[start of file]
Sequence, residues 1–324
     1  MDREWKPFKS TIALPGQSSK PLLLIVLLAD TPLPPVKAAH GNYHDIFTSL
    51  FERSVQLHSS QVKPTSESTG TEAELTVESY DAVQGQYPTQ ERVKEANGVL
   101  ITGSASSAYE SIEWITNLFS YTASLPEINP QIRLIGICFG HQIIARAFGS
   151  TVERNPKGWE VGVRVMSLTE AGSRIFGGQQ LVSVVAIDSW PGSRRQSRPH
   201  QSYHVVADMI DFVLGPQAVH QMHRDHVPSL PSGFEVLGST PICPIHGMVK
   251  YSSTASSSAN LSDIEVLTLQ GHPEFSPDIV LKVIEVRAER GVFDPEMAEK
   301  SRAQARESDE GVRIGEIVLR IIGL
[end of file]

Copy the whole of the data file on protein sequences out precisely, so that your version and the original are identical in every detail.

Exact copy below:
Sequence, residues 1–324
     1  MDREWKPFKS TIALPGQSSK PLLLIVLLAD TPLPPVKAAH GNYHDIFTSL
    51  FERSVQLHSS QVKPTSESTG TEAELTVESY DAVQGQYPTQ ERVKEANGVL
   101  ITGSASSAYE SIEWITNLFS YTASLPEINP QIRLIGICFG HQIIARAFGS
   151  TVERNPKGWE VGVRVMSLTE AGSRIFGGQQ LVSVVAIDSW PGSRRQSRPH
   201  QSYHVVADMI DFVLGPQAVH QMHRDHVPSL PSGFEVLGST PICPIHGMVK
   251  YSSTASSSAN LSDIEVLTLQ GHPEFSPDIV LKVIEVRAER GVFDPEMAEK
   301  SRAQARESDE GVRIGEIVLR IIGL